Service Oriented Architecture:

The previous evolution step turned a horizontal structural division into a physical one. The step from tiered architecture towards the service oriented architecture did a similar division of the web service layer and the storage layer. Due to the fact that the Web Service needed to provide more services than one it made sense to make the vertical division into different services based on the function they provided. This division is usually a case to case basis per application so the image depicts only one variation of this architecture. In the given example the web service was split into the following parts: Search API which is a web service that provides search functionality on top of the live/hot data in the system, Data API which is a web service that provides only simple key/value access to the live/hot data and the Analytics API which is a web service that provides analytics insight on top all of the data both live/hot and old/historical. As the division happened in the middle web service layer this also required the storage layer to be divided so that specific storage solutions can be used to suit the needs and the roles for each of the service. As an example search API requires indexed data for fast lookup, sorting, comparing etc. One of the most commonly used solution that provides search as a feature is ElasticSearch. As far as the Data API layer it requires cheap storage for large volumes of data that only needs to be accessed by one key, there are numerous solutions that provide this kind of key value storage solutions like MongoDB, Cassandra, Zookeeper etc.. The Analytics Service has the need to do mathematical computations on large sets of data as well as keeping a lot of historical data this usually requires a complex data warehousing solution underneath. Data Warehousing solutions are too complex to be described in this chapter but just to give some insight one example could be all of the data that ever existed in the system and is stored in HDFS where you can run HBase queries on top of it. Other examples of Service oriented architecture could have a separate Authorization Service if you application requires users to authorize themselves, Image Service if you have a lot of image processing in your application, Notification service in case you applications sends notifications to users, etc.. This architecture once implemented properly is easy to scale and can be sustained by monitoring performance of each service as well as splitting up services into new ones.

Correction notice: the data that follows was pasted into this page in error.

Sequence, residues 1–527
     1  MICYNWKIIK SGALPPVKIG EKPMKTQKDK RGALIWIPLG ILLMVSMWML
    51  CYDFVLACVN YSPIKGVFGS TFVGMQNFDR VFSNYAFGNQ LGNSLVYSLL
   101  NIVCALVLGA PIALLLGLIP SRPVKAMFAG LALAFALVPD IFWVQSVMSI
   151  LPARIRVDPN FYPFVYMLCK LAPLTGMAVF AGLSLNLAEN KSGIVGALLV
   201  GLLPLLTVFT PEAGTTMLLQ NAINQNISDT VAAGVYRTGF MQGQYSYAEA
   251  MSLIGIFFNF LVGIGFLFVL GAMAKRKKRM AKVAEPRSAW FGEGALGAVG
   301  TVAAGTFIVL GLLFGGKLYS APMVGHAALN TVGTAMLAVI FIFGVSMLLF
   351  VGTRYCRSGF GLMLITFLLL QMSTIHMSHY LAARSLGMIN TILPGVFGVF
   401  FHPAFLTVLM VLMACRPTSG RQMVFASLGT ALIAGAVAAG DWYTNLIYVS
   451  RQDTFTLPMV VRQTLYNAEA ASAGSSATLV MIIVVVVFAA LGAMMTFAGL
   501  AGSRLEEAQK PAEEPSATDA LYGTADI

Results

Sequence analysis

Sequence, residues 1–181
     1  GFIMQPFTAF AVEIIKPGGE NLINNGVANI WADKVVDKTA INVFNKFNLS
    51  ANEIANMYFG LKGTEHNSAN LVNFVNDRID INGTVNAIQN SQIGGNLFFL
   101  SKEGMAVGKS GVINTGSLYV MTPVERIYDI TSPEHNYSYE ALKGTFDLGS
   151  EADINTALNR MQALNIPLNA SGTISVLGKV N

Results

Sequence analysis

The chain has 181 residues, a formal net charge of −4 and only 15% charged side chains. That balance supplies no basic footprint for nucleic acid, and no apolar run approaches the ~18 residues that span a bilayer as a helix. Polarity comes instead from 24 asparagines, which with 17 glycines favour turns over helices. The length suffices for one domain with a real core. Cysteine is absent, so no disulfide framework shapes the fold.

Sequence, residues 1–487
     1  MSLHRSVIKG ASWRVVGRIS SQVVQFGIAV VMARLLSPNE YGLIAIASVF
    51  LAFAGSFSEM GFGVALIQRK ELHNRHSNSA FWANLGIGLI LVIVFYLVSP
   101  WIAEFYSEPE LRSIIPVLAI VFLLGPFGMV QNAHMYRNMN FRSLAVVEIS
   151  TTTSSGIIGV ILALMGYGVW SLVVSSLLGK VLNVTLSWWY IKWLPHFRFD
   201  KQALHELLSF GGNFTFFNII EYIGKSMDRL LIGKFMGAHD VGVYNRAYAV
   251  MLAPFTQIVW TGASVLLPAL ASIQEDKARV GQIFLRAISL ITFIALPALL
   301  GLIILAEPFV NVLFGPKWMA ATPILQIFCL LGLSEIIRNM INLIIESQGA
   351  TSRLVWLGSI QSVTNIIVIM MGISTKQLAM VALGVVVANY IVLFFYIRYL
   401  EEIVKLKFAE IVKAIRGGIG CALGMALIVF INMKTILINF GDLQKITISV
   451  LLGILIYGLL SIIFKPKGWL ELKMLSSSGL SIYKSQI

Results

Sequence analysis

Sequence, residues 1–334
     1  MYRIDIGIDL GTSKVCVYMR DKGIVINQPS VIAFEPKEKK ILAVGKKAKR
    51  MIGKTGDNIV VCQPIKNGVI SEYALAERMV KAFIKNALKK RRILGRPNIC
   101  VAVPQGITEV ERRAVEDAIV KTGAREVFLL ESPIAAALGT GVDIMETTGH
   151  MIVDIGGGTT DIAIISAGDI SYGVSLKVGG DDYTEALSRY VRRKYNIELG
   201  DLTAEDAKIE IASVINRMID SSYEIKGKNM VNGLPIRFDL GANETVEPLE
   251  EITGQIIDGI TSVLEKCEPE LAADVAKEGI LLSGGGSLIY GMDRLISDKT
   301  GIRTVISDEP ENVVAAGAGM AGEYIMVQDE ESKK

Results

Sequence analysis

Next step in the evolution of software architecture is yet to be done. Some would argue that the evolution has already reached its next step with the introduction of Microservices. Microservices are definitely widely used but as more and more companies start breaking up their services into microservices a pattern is being notices that the overall latency is increasing as well as IO usage. So before we make a conclusion if Microservices are the next level in the evolution software architecture we will wait for a while to see how they fare in production systems for some time.